Your smoke detector stands on guard all day, every day ready to alert you to a fire. Not surprisingly, all that work eventually wears these devices out and it happens faster than you might think. According to the National Fire Protection Association (NFPA), 17 percent of fire deaths happen in properties where the smoke detector failed. Knowing when to replace your smoke detector ensures you’ll always have a reliably functioning device protecting your family.
Optimize Your Smoke Alarm System
Before you replace your smoke detectors, make sure you have the right amount in the right locations. If you’re lacking, it’s worth taking the time to plan a complete smoke alarm system. For the highest level of protection, choose a hard-wired or wireless interconnected system. In these systems, when one detector senses smoke, all the alarms in your home sound. A knowledgeable professional electrician can design a system for you and install the smoke detectors in the optimal locations.
Every level of your home, including the basement, should have at least one smoke detector. Smoke rises, so mount your detectors on your ceilings or high on your walls, not more than 12 inches away from the ceiling. A detector should be installed within 10 feet of every bedroom or sleeping area. If a floor has no sleeping area, place the detector near the most used room or by the stairs leading to the next floor up. In the basement, place the detector on the ceiling at the bottom of the stairs.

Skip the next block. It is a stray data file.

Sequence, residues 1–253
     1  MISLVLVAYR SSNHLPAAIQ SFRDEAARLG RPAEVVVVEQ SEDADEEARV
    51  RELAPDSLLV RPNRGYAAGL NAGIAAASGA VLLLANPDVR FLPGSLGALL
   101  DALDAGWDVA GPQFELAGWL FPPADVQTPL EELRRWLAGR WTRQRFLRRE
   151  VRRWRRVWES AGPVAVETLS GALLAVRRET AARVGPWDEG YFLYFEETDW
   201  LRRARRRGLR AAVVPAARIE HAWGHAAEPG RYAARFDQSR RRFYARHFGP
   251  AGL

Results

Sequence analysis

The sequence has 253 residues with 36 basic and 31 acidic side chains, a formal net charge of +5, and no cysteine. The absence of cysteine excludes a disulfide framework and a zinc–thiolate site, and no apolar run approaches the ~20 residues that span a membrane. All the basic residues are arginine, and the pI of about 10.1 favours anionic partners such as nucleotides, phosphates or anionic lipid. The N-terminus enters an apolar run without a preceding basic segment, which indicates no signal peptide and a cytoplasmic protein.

Keep your smoke alarms at least 10 feet from the kitchen or bathroom to minimize the risk of false alarms from cooking fumes or bathroom steam. Where possible, avoid placing them near windows, exterior doors, and air vents. The drafts these create can blow smoke away from the detector and delay its response to a fire.
Test and Replace Smoke Detectors on Time
Once a month, test your smoke detector by holding down the test button for at least five seconds or until the alarm sounds. If the alarm is weak or doesn’t sound at all, replace the batteries and test again. If fresh batteries don’t help, it’s time for a new detector.
After testing is a good time to dust or vacuum your smoke detector to clean out debris that could clog the sensor.
Even when the test is successful, replace the batteries at least once a year. A beeping or chirping noise from your detector is also a sign the device needs fresh batteries. Alkaline batteries lose power over the year and while old batteries might power the alarm during a test, they could still be too weak to sufficiently power it during a real fire. If your smoke detector has a 10-year or “long-life” lithium battery, you won’t have to replace the battery during the detector’s life span.
Replace each smoke detector after 10 years. This includes lithium-battery alarms and the alarms in hard-wired systems, as well as detectors that still test as functional. The test button only confirms the battery, wiring, and alarm horn are working, but it tells you nothing about the sensor. In many detectors, the sensors lose sensitivity over time or develop a buildup of dust that impairs their sensitivity. Ionization smoke detectors become more sensitive as they age, causing more false alarms. After a while, you’ll be tempted you remove the batteries and leave your home without protection.